Sunday, May 19, 2024

Like the problem of a bigger, meaner and more thrilling (read dangerous) wow that confronts the conglomerate structure behind Jurassic World, the bigger, better amazement park built atop the bones of its humble predecessor from “Jurassic Park,” the filmmakers spinning out “Jurassic World” are saddled with the burden of outdoing what came before – a dino-park movie franchise based on a slim yet innovative novel by Michael Crichton and initially helmed by Steven Spielberg whose last installment was nearly 15 years ago.

061115i Jurassic WorldThe good news is that the quality of FX has come light years, so people caught in the middle of a dino herd don’t look like they’re being shot against a screen and pasted into a jerkily moving computer rendering; they’re now seamlessly in there with the “real” possibility of being trampled or squashed or snatched up by the genetically engineered Indominus Rex – the new badass on the block, cooked up in a lab by a bunch of avaricious DNA jockeys to provide sizzle and scare the shit out of paying vacationers seeking an adrenaline rush just to know they’re alive.

At the park on a lush tropical island off the coast of Costa Rica, at any time there are some 20,000 people being run through the exhibits and rides and being fleeced for cash with the efficiency of a Disney or SeaWorld.  Money is a driving force at Jurassic World, and in the birthing lab there looms hidden agendas and covert machinations – like whose DNA went into good ol’ Indominus – that breeds malcontent and dubious action.

As to why we’re here, that’s got to do with two brothers Zach (Nick Robinson) and younger sib Gray (Ty Simpkins, “War of the Worlds” and “Little Children”) being handed over to their aunt Claire (Bryce Dallas Howard) for a week while their parents work out the future of their crumbling marriage. It’s not the happiest of times, but since Gray’s obsessed with dinosaurs and Claire pretty much calls the shots at Jurassic World, that seems like a silver lining of sorts. Claire, however, is a workaholic suck-up, and sends the boys off with her assistant (Katie McGrath) while she brings in velociraptor wrangler Owen Grady (Chris Pratt), former Navy special ops and security expert, to see if there are vulnerabilities to the Indominus’ holding pen.

The time to check it was before the raptor-T-rex hybrid grew to be the size of a house. Given these tea leaves – or fossil ferns, if you will – the plot of “Jurassic World” becomes as obvious as the extinction of the great dinosaurs in the fossilized record, though the amount of human lunch meat consumed is rather staggering compared with earlier chapters. The subplot about militarizing raptors for warfare (Vincent D’onofrio is excellent as our sleazy post-9/11 military contractor: “Just imagine if we had these puppies in Tora Bora!”) adds some political punch that unfortunately, like the dig on mining for tourism dollars via manufactured attractions, passes too wispily to bear any bite. Spielberg’s long-standing themes of wonderment, family and youthful innocence get woven in and reinforced by the trusty looping of the John Williams theme song that propelled the original 1993 venture.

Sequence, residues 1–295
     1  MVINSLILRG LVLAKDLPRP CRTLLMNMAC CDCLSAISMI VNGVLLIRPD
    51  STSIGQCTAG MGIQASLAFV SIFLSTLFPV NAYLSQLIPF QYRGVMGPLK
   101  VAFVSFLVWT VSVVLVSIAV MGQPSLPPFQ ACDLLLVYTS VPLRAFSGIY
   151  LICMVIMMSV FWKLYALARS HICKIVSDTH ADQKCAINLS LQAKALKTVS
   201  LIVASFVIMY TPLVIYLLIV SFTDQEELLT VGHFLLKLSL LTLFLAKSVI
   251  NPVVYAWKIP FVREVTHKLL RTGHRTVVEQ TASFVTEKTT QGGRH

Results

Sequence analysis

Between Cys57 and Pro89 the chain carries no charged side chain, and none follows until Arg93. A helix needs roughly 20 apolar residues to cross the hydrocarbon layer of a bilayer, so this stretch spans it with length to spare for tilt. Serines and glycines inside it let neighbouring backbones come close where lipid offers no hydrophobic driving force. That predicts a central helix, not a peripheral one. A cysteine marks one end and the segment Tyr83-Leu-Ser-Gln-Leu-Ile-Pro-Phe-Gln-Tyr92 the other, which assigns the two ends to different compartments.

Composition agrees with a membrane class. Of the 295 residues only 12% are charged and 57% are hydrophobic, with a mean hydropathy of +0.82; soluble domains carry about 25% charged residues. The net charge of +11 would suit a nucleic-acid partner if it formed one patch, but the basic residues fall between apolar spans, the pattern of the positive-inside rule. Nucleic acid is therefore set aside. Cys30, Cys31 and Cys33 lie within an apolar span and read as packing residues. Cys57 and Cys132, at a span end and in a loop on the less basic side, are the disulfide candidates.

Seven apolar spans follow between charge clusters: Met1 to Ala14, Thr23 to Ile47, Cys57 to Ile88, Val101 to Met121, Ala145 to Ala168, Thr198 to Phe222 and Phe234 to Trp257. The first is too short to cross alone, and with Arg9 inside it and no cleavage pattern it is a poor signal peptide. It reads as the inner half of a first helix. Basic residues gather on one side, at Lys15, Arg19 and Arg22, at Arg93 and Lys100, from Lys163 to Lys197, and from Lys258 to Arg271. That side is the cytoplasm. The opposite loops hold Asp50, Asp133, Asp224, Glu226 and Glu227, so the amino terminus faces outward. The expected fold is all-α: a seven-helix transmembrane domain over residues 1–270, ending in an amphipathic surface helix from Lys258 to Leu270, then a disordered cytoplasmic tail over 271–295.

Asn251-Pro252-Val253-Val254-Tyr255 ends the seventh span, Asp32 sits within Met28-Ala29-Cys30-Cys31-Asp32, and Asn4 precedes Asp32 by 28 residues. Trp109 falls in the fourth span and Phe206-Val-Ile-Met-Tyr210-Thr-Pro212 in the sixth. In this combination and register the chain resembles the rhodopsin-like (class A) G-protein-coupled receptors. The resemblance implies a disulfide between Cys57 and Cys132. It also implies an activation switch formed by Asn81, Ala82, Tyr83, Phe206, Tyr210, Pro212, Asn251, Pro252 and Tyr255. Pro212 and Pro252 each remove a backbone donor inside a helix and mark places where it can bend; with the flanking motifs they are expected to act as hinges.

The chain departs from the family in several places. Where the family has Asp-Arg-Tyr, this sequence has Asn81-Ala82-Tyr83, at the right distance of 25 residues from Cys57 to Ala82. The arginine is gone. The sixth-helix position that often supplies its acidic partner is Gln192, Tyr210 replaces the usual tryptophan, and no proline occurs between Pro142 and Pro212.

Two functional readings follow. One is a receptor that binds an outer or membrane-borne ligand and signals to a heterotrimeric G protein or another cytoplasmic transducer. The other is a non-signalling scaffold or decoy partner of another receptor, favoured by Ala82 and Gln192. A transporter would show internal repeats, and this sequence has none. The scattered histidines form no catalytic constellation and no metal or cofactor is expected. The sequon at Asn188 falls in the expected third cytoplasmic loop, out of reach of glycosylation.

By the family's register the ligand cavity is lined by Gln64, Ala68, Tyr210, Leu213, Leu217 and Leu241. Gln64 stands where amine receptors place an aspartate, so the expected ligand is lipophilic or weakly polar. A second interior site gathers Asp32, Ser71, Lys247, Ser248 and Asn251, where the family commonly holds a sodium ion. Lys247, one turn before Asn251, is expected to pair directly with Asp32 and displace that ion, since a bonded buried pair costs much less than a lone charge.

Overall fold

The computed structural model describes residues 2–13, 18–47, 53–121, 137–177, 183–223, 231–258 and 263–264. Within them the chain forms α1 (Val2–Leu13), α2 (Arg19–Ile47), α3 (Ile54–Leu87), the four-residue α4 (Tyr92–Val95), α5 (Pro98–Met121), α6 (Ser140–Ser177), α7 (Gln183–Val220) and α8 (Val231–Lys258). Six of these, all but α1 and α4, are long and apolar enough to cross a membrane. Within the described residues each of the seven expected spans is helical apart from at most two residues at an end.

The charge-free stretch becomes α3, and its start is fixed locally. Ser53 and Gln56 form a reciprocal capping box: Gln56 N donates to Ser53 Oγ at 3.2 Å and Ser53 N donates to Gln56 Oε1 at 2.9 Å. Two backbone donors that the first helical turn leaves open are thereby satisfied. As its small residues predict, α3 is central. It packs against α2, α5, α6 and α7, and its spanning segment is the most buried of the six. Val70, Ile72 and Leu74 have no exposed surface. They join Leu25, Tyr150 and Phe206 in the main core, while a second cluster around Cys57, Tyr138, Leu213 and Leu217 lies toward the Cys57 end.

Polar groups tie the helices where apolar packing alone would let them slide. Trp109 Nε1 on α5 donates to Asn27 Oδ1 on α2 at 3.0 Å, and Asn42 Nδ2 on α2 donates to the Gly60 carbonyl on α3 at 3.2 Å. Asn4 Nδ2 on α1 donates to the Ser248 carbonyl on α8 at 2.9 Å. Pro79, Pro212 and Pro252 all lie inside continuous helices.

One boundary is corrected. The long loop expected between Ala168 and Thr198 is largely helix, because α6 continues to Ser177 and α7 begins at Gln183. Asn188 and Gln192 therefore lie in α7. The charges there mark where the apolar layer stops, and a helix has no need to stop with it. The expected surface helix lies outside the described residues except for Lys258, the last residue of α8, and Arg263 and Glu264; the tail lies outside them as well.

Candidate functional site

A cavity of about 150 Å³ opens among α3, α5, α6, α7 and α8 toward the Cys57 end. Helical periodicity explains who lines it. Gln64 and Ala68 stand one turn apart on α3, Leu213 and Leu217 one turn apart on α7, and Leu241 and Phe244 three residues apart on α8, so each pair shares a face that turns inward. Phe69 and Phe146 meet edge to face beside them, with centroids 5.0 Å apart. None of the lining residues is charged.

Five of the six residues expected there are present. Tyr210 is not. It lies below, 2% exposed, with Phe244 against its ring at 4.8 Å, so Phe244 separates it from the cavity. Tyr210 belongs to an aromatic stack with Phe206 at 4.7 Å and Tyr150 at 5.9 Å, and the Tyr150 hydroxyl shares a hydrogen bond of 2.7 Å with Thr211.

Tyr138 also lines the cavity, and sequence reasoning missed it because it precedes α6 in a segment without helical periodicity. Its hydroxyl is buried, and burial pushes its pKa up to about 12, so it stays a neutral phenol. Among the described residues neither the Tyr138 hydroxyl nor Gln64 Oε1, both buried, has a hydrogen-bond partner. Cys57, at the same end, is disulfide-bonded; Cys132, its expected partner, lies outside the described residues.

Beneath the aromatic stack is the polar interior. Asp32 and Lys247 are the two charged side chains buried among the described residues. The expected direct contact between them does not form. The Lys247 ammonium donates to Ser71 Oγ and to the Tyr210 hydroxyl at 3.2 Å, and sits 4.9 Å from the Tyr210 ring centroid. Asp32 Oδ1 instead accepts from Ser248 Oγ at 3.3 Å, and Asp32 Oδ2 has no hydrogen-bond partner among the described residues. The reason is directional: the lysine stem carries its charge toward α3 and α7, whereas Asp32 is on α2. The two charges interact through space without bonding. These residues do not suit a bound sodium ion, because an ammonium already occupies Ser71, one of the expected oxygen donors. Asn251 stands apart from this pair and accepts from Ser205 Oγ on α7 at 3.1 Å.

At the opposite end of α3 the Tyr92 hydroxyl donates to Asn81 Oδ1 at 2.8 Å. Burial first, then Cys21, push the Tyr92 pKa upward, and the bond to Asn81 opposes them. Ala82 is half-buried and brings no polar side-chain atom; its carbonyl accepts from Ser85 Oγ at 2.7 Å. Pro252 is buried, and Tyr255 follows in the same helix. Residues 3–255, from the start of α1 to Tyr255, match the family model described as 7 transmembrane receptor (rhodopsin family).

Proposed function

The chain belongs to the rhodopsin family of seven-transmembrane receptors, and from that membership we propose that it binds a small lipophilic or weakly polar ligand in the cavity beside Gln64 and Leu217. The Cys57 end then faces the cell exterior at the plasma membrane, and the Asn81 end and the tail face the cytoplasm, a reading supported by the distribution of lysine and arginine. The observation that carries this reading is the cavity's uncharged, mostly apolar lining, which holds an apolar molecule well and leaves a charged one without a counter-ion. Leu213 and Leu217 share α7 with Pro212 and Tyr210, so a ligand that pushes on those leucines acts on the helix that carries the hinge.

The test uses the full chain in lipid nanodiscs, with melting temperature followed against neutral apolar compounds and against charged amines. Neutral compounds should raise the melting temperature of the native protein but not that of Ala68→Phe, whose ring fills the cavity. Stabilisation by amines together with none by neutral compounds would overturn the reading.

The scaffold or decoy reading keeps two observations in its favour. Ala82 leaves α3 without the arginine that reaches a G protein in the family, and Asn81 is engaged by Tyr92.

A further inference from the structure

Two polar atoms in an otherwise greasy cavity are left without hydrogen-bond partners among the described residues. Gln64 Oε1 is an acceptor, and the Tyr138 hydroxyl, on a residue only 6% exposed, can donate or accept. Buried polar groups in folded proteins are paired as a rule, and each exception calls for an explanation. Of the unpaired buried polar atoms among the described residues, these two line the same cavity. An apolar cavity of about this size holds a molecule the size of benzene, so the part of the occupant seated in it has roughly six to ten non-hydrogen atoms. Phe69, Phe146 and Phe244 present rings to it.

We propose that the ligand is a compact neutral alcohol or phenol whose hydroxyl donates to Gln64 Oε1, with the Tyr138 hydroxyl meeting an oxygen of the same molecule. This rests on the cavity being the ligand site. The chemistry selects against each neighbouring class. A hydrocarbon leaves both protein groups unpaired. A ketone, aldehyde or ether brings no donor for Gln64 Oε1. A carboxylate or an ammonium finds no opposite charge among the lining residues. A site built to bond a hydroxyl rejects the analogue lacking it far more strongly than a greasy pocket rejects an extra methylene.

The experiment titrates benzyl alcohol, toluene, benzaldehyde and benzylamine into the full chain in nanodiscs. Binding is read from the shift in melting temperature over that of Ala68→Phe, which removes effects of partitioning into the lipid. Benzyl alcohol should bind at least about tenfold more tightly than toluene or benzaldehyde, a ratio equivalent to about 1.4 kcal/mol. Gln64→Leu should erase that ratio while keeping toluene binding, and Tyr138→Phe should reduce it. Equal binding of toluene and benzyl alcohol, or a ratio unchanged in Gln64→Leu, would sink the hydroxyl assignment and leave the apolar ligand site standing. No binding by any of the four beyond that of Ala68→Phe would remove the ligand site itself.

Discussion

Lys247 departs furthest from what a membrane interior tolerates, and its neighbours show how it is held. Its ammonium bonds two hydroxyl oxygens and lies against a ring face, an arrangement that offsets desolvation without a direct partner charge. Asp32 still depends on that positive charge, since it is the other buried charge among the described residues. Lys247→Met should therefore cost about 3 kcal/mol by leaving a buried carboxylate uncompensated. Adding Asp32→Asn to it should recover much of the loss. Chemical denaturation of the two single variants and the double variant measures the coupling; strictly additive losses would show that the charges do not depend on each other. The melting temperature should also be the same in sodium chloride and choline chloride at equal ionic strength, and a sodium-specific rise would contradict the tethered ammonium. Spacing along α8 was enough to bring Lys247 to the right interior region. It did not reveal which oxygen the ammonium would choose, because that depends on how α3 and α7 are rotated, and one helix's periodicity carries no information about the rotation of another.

All of this – and a $150 million budget – gets entrusted to director Colin Trevorrow and three other screenwriters, who tie back to the original in some smart ways (the old park becomes an archeological find of sorts) but also do a tar-pit sinking job of staging rom-com tension between Owen and Claire. There’s pretty much no chemistry between the two (this crew’s got nothing on the amiable lot from before), but in their flat, straight-ahead roles as corporate wonk and quirky lone wolf, they’re quite effective, especially Howard (daughter of Ron) with her stark auburn bob and luminous eyes underscoring Claire’s vulnerable uppityness. Pratt’s not as disarming as he was in “Guardians of the Galaxy” (Owen’s a shell of Quill) but it’s not going to affect his forward momentum. The nice add to the cast and nod to past comes in Jake Johnson as a Big Gulp-slurping hacker and voice of reason.

Trevorrow, whose other feature credit is the indie sci-fi flick “Safety Not Guaranteed” (budget of just under a mil), stretches himself impressively. He’s given a tall order and nearly succeeds. “Jurassic World” is a popcorn movie, though the butter’s a bit too plastic – the integral visual components don’t always blend together seamlessly. The story stitch-work of past and present feels like a beta release from the lab rather than a summer-ready box-office killer. Crichton’s cautious, forward-looking book had Frankenstein underpinnings: Don’t mess with Mother Nature, or the past. The curators of the park do both, the filmmakers do the latter.

Tom Meek is a writer living in Cambridge. His reviews, essays, short stories and articles have appeared in The Boston Phoenix, The Rumpus, Thieves Jargon, Film Threat and Open Windows. Tom is a member of the Boston Society of Film Critics and rides his bike everywhere. You can follow Tom on Twitter @TBMeek3 and read more at